‘Fantastic Four Epic Collection: The New Fantastic Four’ review: Massive and loaded with FF history



Revisit one of Marvel’s many attempts to bring the Fantastic Four “back to basics.”

It seems like forever since the Fantastic Four has had an ongoing series on the stands, but come August, Marvel’s first family will be back in all-new adventures courtesy of writer Dan Slott and artist Sara Pichelli. To remind readers of how great the FF can be, Marvel is putting out several trade paperbacks of classic adventures, including the ginormous Fantastic Four Epic Collection: The New Fantastic Four. At just over 500 pages and with a $39.99 price tag, this volume is the perfect summer read for the comics fan looking for storytelling variety and some pretty significant moments in FF history.

When you grow up reading Marvel Comics, you can’t help but gain a rough understanding of the wider Marvel Universe, even if you just follow one character or team. For me, it was the X-Men, but as everything in the MU is connected, I was pretty aware of what was happening to the Fantastic Four in the ’90s thanks to pre-internet joys like trading cards and Wizard magazine. This Epic Collection volume (No. 21 in the FF series) covers a pretty eventful string of issues between 1990 and 1992.

It all kicks off with Fantastic Four #347, which itself kicks off the surprisingly short introduction of the New Fantastic Four comprised of Spider-Man, Wolverine, Hulk and Ghost Rider. Why was I surprised this story only ran for three issues? Because when I was a kid, I was always seeing this edgier version of the FF–on trading cards, in issues of What If? and so on. I would have assumed the Reed, Sue, Ben and Johnny went missing for a year or something.

Either way, this tale written by Walter Simonson and illustrated by Arthur Adams is pretty fun and, of course, oh so ’90s. And the creators are in on the joke, as the cover of #348 says “The World’s Most Commercialist Comic Magazine!” and #349 says “The World’s Most Collectible Comic Magazine!” The Punisher even appears for a split second in what’s billed as “the world’s most exploitive cameo!”These little jokes highlight something many creators seem to forget every now and then–that the Fantastic Four should be fun. This isn’t meant to be the edgiest title on the market, and that’s OK. Battles with giant monsters, the Thing and the Human Torch fighting an alien-powered gorilla and a Christmas celebration can all be found in this collection’s pages.

Once you hit #350, the return of the one true Doctor Doom, it becomes very apparent this time in Fantastic Four history was about putting some genies back in their bottles. Doom–badder than ever–is back in charge of Latveria, the Thing is back to his rocky self, the bizarre She-Thing is no more and then there’s the fact that Johnny Storm is married to the Thing’s greatest love Alicia Masters. How does Marvel solve a problem like that… oh, Alicia was a Skrull all this time, duh!

Yep, long before Marvel was having Peter Parker and Mary Jane Watson cut deals with the devil to get out of their marriage, the House of Ideas was honing its skills as comics’ most inventive divorce attorney. I’m happy I finally had a chance to read the story of Lyja and how she came to impersonate Alicia, as like the New Fantastic Four, this was a much-talked about aspect of the ’90s FF.It’s a good story, just like the majority of the issues in this collection. These are far from the greatest Fantastic Four stories ever told, but they’re very comforting, like a good FF tale should be. You want to pick up an issue of the Fantastic Four and see the Torch picking on the Thing. You hope that Reed will dream up some type of device only he could build to save the day. The fab four are the comfort food of the Marvel Universe and this trade–produced by reliable creators like Simonson, Adams, Tom DeFalco and Paul Ryan–will fill you up for a long time to come.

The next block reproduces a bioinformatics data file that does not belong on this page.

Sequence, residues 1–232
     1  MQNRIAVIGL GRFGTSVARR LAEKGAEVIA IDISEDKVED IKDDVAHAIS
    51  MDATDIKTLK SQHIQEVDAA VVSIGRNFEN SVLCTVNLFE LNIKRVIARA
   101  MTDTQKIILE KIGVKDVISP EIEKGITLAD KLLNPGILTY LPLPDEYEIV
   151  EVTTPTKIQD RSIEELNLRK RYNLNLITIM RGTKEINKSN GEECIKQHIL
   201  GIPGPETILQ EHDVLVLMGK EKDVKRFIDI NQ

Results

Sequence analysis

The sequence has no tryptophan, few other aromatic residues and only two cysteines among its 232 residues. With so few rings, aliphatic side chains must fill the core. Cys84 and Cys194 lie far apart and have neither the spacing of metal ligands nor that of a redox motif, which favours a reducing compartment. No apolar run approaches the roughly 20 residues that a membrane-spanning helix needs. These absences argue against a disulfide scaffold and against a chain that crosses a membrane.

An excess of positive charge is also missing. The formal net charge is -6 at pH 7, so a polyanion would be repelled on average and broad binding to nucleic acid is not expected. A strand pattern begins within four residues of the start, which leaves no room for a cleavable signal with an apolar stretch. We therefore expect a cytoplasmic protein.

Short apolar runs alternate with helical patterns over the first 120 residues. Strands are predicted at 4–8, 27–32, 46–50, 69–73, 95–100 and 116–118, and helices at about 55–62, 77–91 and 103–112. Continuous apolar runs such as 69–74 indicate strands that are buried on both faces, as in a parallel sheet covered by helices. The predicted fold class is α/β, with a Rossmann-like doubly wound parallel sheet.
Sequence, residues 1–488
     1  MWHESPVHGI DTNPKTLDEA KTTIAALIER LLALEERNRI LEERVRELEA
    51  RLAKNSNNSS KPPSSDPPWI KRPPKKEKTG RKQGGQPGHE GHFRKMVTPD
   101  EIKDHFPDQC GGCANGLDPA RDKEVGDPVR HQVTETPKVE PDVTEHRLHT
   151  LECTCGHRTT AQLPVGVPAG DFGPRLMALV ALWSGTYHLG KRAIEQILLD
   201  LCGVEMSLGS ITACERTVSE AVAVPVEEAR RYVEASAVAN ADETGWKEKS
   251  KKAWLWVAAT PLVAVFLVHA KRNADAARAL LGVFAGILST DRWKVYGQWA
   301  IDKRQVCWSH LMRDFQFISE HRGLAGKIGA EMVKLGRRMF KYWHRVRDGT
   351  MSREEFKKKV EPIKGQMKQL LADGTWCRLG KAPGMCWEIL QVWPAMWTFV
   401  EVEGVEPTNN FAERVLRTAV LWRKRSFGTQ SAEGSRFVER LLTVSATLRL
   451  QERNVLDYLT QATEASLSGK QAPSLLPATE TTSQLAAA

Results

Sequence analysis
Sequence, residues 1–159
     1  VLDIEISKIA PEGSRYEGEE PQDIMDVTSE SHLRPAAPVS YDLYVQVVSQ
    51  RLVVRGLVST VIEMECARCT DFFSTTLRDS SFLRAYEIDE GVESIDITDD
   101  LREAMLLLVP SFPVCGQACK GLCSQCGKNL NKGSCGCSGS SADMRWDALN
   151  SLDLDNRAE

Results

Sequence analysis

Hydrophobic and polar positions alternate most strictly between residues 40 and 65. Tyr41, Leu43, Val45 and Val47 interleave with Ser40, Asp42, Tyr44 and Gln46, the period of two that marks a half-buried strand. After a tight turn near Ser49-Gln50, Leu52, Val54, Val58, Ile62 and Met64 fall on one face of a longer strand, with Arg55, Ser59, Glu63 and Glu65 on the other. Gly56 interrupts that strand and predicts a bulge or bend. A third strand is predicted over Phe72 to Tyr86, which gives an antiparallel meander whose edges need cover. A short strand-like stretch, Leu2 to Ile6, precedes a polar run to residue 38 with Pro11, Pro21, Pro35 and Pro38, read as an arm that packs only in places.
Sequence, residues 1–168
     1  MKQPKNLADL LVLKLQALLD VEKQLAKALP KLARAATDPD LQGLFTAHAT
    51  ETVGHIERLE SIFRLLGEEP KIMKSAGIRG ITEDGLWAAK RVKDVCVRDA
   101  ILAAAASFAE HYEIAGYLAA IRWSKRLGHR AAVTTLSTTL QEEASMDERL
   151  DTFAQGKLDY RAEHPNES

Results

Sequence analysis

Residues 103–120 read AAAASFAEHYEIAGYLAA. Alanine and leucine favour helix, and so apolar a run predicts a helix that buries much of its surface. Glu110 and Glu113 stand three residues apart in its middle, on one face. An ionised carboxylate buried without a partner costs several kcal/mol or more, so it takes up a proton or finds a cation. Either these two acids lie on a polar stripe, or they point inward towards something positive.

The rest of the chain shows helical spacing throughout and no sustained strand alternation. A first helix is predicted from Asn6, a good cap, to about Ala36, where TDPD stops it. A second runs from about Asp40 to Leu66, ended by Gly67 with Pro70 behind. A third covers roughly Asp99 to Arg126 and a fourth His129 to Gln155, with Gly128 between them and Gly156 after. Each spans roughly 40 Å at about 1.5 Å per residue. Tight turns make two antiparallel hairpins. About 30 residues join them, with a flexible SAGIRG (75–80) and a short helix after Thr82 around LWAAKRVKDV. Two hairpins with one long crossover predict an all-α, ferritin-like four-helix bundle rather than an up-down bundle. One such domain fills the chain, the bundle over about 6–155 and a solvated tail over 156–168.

That’s not to say it doesn’t slow down every now and then. While Marvel’s Epic Collections deliver a great many comics in one handy volume, there are always a few throwaway issues in the mix that do little to enhance the book’s theme. For instance, the cover says “The New Fantastic Four,” but those guys are only in three of the 14 regular FF issues in here. But that’s fine. After all, what Wolverine fans don’t want to learn about Devos the Devastator?

So if you’re like me, a comic book fan who loves filling in the blanks in Marvel’s constantly evolving history, then I can’t recommend Fantastic Four Epic Collection: The New Fantastic Four enough. And you know what? After finishing this trade, I really wanted to read what comes next… because I can’t for the life of me figure out how Marvel could take the Fantastic Four back to basics, only to “kill off” Mister Fantastic, give the Thing a bad-ass mask (and a gun!) and have the Invisible Woman take a pair of scissors to her costume not long after.

If anyone at Marvel who puts together these collections is reading–please give me an Extreme Fantastic Four collection, or whatever they were supposed to be before Jim Lee had no choice but to relaunch them with Heroes Reborn.

Fantastic Four Epic Collection: The New Fantastic Four
Is it good?
How did the New Fantastic Four come together? Whatever happened to She-Thing? How did the Human Torch's marriage come to an end? All these questions (and many more) are answered in this fun collection that covers a historic era in Fantastic Four history.
It's hard not to find something to enjoy in this massive collection.
Aside from covering several important moments in Fantastic Four history, many of these stories are just plain fun.
There's some great art in here from the likes of Arthur Adams, Paul Ryan and Mark Bagley.
Every now and then you come across an issue featuring a throwaway story.
9.5
Great